Friday, May 31, 2013

Scioto among six rivers in algae fight

An Ohio Environmental Protection Agency plan to stem pollutants that help toxic algae thrive in lakes and waterways will focus on six major streams, including the Scioto River in central Ohio.

The Scioto and the Great Miami River have nothing to do with the poisonous blooms of blue-green algae that grow each summer in Lake Erie and in Grand Lake St. Marys in western Ohio. But they do contribute to a vast “dead zone” that appears each summer in the Gulf of Mexico.

Efforts to shrink the zone, which often exceeds 6,000 square miles, could include cutting manure and fertilizer runoff from central Ohio farms and putting new limits on pollutants released by sewage-treatment plants.

... Toxic algae grow thick in water polluted with phosphorus and nitrogen from sewage, manure and fertilizers. They produce liver and nerve toxins that can sicken people and have killed pets and wildlife. Dead and decomposing algae rob water of oxygen, creating dead zones in the Gulf and Lake Erie where very little can live.

The Columbus Dispatch
28 May 2013
S Hunt
Location: Ohio, USA


Tuesday, May 21, 2013

River institute studying spiking algae levels

The St. Lawrence River Institute has received a grant of $24,970 from the Ontario Ministry of the Environment - Great Lakes Guardian Community Fund. The funding will support a project this summer called “AlgaeAlert” that will involve homeowners and volunteers in the area of Lake St. Francis. This project will track occurrences and causes of excess algae in waterways between Cornwall and the Quebec border.

... “We need people who live along the St. Lawrence waterfront to help us gather data and provide observations about algae in Lake St. Francis and its tributaries,” said Dr. Andy Bramburger, an algae specialist with the river institute. “From our past work, we know that excess algae in the water can be a big problem, especially when it’s one or more species collectively called cyanobacteria, or blue-green algae, which have the potential to affect human and animal health.”

Cornwall Seaway News
18 May 2013


Tuesday, May 7, 2013

Project aims to restore western Lake Erie wetlands

A project restoring 2,500 acres into wetlands along western Lake Erie is a small but important step toward creating a new home for wildlife and cleaning water runoff from farm fields that feeds harmful algae, conservation organizations say.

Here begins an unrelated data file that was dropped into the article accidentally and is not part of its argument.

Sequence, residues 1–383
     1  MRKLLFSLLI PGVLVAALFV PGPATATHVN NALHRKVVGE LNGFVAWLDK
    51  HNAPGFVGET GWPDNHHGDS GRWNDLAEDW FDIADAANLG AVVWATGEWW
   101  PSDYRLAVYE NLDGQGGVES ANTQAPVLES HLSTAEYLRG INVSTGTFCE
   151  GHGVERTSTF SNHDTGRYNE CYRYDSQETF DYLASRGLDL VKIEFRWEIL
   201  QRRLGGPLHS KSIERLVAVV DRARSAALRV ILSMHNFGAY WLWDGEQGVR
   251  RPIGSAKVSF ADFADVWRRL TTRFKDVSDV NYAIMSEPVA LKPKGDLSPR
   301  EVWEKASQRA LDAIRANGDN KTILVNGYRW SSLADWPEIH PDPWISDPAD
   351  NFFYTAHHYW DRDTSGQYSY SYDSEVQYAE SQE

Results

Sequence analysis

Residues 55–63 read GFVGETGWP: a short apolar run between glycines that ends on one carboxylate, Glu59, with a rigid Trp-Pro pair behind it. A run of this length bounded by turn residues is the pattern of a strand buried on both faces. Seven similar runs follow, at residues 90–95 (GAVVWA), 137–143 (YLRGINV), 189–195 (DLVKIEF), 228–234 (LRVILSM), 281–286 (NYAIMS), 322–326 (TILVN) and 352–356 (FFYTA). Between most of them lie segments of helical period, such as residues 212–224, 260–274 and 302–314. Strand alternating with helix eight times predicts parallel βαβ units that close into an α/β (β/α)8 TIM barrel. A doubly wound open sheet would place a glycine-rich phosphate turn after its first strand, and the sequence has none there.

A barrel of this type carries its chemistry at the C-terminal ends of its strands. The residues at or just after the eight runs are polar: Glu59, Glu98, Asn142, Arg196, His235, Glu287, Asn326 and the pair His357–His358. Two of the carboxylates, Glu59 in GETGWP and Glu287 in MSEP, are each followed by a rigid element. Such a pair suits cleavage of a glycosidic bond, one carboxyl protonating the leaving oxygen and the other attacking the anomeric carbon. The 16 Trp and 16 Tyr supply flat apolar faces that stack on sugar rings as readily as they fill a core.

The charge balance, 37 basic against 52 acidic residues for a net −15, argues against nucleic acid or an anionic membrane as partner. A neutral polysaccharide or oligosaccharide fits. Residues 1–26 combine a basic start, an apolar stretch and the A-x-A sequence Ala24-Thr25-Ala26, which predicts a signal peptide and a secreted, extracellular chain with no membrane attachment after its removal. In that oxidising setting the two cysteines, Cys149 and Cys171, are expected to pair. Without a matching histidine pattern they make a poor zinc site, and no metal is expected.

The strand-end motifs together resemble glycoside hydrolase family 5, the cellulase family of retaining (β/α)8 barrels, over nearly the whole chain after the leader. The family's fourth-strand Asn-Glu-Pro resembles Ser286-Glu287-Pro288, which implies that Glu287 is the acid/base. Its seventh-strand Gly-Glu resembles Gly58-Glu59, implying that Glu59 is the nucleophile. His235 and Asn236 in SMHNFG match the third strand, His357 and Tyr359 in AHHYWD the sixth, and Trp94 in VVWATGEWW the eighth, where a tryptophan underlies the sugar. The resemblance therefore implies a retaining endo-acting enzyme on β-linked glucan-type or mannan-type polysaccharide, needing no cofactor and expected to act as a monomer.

Restoring the wetlands east of Toledo is one of several projects aimed at creating marshland along Lake Erie through the Great Lakes Restoration Initiative.

... It would take well over 100,000 acres of wetlands to fix the water quality problems facing Lake Erie. "But every little bit counts," he added.  Knights said that while wetlands certainly act as a natural filter, the biggest way to improve the water is working with farmers to reduce the amount of fertilizer that ends up in Lake Erie.
05 May 2013
J Seewer

Monday, May 6, 2013

Lake Erie could be headed for a record-breaking algae bloom

Scientists at the International Joint Commission are sounding the alarm over a potentially “massive” blue-green algae crop in Lake Erie.

Although the algae is a vital part of the food chain in the Great Lakes, scientist Raj Bejankiwar says an excess can threaten other forms of marine life and adversely affect the hospitality industry.

“It’s not good for human health and it’s not good for tourism,” Bejankiwar said.

... Based on weather patterns and other data, Bejankiwar says Lake Erie can expect an algae bloom equal to or greater than the one that occurred in 2011.

“It will depend on what happens during the spring, but the loads between March 1 and April 15 are already the same or exceeding the same period in 2011,” he said. “That’s very discomforting, because 2011 was the worst algae bloom on record.”

Metro News
30 Apr 2013
L Simcoe